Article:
Irony time: Phenylalanine and aspartic acid are amino acids that are both often attacked as health risks. Why? Because they are two of the three components of aspartame (NutraSweet)—which after decades of use is still called “by far the most dangerous substance on the market that is added to food.” And if you don’t believe me, go to Crazy Joe Mercola’s website and read it yourself.

    Yet, you can buy both phenylalanine and aspartic acid on Amazon, where they are sold as—you guessed it—supplements. And if this isn’t hilarious enough, you can also buy glutamic acid (MSG) there too. My sides!

    The labeling requirements on supplement bottles are pretty funny too. They must say: “This product is not intended to diagnose, treatcure, or prevent any disease" if the supplement bears a claim to affect the structure or function of the body (structure/function claim), a claim of general well-being, or a claim of a benefit related to a classical nutrient deficiency disease.”

    OK, then tell me why do supplement labels routinely say “Supports X,” where X can be anything like prostate health, your immune system, liver function, sexual well being or memory?

    This the sleazy language that allows supplements/aka drugs to be sold without making a medical claim. But when people see “supports” (wink, wink) they sure as hell are thinking that they are buying a product to curetreat or prevent something or other. Gee—kind of sounds like a drug, no?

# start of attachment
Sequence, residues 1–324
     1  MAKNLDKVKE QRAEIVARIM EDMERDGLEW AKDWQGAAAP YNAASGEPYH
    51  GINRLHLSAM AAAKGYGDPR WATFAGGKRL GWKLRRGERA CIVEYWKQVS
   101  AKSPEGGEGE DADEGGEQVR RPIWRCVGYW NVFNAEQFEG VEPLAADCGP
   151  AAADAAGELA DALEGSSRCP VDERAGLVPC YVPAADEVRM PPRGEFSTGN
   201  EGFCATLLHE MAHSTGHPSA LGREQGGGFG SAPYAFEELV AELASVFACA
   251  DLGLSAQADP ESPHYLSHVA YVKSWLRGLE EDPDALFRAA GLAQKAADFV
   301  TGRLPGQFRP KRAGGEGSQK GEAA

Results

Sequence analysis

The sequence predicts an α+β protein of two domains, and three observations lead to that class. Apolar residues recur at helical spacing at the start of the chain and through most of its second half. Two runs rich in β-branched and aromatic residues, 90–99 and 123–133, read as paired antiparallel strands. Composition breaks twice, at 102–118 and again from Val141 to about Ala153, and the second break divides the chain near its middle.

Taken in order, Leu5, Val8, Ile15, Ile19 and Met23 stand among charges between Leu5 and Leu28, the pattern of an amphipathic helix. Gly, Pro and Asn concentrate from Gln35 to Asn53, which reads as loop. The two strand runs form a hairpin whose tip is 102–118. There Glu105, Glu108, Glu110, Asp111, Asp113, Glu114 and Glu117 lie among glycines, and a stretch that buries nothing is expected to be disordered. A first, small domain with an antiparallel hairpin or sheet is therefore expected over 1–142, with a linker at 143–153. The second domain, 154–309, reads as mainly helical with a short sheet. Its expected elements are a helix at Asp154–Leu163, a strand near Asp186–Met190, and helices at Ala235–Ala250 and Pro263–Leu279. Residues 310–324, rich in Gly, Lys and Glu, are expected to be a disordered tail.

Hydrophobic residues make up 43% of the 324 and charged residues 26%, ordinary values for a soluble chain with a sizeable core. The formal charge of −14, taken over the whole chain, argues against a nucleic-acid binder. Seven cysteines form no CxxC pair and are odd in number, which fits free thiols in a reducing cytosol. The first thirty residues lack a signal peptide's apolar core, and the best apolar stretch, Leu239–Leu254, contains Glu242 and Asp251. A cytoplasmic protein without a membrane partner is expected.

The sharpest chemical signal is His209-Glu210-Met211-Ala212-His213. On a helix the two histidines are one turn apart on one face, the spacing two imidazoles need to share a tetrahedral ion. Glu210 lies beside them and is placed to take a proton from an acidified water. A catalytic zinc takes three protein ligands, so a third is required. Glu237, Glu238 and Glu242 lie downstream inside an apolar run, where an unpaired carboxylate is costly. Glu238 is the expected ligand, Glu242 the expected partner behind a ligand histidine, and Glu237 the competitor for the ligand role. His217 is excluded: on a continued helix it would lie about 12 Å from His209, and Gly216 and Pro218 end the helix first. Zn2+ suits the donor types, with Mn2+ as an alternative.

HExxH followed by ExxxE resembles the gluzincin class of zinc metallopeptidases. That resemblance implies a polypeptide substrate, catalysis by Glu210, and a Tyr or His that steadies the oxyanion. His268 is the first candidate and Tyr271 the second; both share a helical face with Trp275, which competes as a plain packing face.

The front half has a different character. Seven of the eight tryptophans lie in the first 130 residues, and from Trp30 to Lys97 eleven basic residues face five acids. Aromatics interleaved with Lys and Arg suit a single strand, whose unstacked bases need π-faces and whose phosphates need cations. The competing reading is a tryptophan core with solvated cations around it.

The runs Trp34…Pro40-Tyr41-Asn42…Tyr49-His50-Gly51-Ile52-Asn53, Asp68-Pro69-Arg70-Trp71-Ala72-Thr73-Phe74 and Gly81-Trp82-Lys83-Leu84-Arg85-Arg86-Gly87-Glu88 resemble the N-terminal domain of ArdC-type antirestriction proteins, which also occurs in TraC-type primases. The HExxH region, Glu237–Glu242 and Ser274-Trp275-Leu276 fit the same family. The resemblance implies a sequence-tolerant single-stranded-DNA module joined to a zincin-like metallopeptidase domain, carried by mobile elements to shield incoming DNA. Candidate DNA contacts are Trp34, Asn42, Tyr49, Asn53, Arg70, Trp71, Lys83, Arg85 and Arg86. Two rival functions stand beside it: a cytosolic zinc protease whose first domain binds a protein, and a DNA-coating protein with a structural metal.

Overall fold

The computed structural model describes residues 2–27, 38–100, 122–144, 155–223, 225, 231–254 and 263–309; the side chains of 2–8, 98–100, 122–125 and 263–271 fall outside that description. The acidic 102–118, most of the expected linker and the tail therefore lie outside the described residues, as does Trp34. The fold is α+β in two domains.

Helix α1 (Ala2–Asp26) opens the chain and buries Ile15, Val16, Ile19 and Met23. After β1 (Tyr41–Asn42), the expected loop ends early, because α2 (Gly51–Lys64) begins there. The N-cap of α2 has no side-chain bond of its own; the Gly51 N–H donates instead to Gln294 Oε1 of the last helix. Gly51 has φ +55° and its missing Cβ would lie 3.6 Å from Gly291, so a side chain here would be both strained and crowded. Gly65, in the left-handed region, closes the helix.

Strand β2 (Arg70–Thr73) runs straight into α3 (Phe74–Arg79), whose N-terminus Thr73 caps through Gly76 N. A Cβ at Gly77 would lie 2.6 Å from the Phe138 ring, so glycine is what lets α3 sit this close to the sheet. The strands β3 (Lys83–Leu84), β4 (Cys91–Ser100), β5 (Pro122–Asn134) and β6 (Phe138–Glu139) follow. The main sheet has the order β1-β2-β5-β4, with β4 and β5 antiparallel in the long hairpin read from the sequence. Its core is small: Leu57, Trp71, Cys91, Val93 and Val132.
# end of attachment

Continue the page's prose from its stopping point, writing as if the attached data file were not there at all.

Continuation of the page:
Speaking of which, please let me know what DHEA (an anabolic steroid), MSM, aka dimethylsulfone—an industrial solvent— and dimethylamylamine (DMAA)—an amphetamine-like stimulant and the prime suspect in the hepatitis cases are supplementing?

    They are supplementing the profit margins of the companies that sell this junk. Let’s put a label on this one—“Supports our bottom line.”

    And the problems don’t stop there. Notonly are people buying unregulated drugs at GNC and the Vitamin Shoppe, but theymay not even be getting what they think.

    Some common issues:

    1. The amount of ingredient(s) in the pill may vary widely from what is on the label

    2. An otherwise-useless herbal product may be spiked with a prescription drug—most commonly with erectile dysfunction products.

    3. By far the worst, what is on the label may not be what is in the bottle.In fact, it rarely is. A damning study published in BMCMedicine looked at contamination of 44 herbal products that were sold by 12different companies. Using DNA technology to identify plant species, the researchers found that 59 percent of the products they tested contained species of plants that were not listed on the label.

    Worse still, when they looked at 44 herbal products from 12 different companies, only two of the companies sold what was actually on the label. The rest sold products with various fillers andcontaminants.

    What kind of contaminants? Pretty much what you’d expect. Various toxins, a few carcinogens and other icky stuff. For herbal supplement users, the graph below can’t be especially comforting.

     

    Herbal contamination by company

     

    Not surprisingly, the authors concluded,“Many of the dangers of commercial plant medicine have been brought to light by DNA technology based studies that have identified contamination of herbal products with poisonous plants.”

    Yet, thanks to Senator Hatch, it is perfectly legal to sell this garbage. And the FDA can only stand by and watch for the next poisoning—after it happens. I suspect that they won’t have to wait long.

    And this is what people who are afraid of drugs and chemicals are consuming with the expectation that it will somehow benefit them?

    Pharmaceutical companies spend hundreds of millions of dollars to determine the safety of new drugs, only to have many of them fail anyhow due to unexpected side effects. But manufacturers of supplements are not held to any regulations that even approach this level of scrutiny.

    Supplement regulations are driven by money and sleight-of-hand, not science. But drugs are drugs. They should all be treated the same.